Today the UK press have a series of quotes from Tom Jefferson, a professor at Oxford University’s Centre for Evidence-Based Medicine. One was – In 1918 around 30 per cent of the population of Western Samoa died of Spanish Flu, and they hadn’t had any communication with the outside world. He added: The explanation for this could only be that these agents don’t come or go anywhere. They are always here and something ignites them, maybe human density or environmental conditions, and this is what we should be looking for.
His statements should have carried some weight considering his position and the specialisation in evidence-based research. However some very basic fact checking reveals the real source of the outbreak – On 7 November 1918, the New Zealand passenger and cargo ship Talune arrived at Apia from Auckland. On board were people suffering from pneumonic influenza, a highly infectious disease already responsible for hundreds of thousands of deaths around the world. Although the Talune had been quarantined in Fiji, no such restrictions were imposed in Samoa. Sick passengers were allowed to disembark. The disease spread rapidly through the islands. [NZ Government]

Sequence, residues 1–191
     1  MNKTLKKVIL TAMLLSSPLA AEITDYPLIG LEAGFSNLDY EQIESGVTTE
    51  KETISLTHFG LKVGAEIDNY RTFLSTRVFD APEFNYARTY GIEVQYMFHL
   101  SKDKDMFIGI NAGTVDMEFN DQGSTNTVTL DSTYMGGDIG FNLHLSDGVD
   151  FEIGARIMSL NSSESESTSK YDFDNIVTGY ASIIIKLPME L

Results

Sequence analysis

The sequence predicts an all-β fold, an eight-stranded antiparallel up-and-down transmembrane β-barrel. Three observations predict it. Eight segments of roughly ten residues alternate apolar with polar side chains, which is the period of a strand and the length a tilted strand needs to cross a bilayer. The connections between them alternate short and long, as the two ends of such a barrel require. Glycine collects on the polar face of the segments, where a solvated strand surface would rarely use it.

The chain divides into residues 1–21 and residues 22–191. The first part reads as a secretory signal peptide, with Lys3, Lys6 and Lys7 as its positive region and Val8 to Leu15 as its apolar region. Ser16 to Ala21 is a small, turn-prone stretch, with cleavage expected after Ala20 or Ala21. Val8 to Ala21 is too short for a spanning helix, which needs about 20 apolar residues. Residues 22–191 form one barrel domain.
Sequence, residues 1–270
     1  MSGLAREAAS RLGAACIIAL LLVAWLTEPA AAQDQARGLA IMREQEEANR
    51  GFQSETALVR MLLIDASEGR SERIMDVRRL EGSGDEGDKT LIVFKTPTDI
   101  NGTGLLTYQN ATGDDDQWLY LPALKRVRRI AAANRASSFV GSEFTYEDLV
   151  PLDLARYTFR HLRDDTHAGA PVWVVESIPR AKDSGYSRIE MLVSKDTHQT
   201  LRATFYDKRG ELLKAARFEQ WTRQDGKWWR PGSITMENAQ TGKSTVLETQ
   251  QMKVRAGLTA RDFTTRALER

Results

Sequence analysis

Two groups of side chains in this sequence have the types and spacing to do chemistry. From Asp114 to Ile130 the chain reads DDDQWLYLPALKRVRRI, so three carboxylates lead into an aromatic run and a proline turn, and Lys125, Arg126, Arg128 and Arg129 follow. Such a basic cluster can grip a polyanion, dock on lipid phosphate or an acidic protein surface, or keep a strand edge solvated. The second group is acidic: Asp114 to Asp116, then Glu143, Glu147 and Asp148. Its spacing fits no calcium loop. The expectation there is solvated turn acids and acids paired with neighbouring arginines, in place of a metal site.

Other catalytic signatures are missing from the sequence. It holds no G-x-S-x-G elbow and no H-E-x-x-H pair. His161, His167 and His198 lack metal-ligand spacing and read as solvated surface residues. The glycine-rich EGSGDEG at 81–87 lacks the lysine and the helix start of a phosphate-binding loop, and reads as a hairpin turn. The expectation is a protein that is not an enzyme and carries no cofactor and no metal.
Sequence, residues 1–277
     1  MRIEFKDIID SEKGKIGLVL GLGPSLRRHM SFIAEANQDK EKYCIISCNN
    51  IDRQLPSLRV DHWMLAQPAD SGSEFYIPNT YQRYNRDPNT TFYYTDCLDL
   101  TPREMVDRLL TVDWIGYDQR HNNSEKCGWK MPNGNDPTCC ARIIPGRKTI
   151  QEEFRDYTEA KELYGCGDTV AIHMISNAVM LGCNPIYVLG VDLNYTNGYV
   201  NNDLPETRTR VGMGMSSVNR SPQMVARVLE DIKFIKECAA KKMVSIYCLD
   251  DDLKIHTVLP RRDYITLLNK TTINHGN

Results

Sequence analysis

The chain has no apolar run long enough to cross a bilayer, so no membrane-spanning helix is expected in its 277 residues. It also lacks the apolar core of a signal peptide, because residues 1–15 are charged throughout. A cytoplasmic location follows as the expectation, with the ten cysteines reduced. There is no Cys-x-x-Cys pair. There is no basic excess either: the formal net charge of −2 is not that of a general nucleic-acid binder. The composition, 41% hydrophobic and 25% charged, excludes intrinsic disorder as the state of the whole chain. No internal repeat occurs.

Now the case of Western Samoa is not some minor incident hidden in the archives. It was the subject of a royal commission and a UN report. It impacted relations with New Zealand for decades. So either the professor is deliberately giving out false statements or is most unsuitable for his academic rank and position …
So much for this expert’s opinion. Now let’s all hope that those experts in the UK Government’s SAGE group live up to their grand title regarding the handling of Covid-19.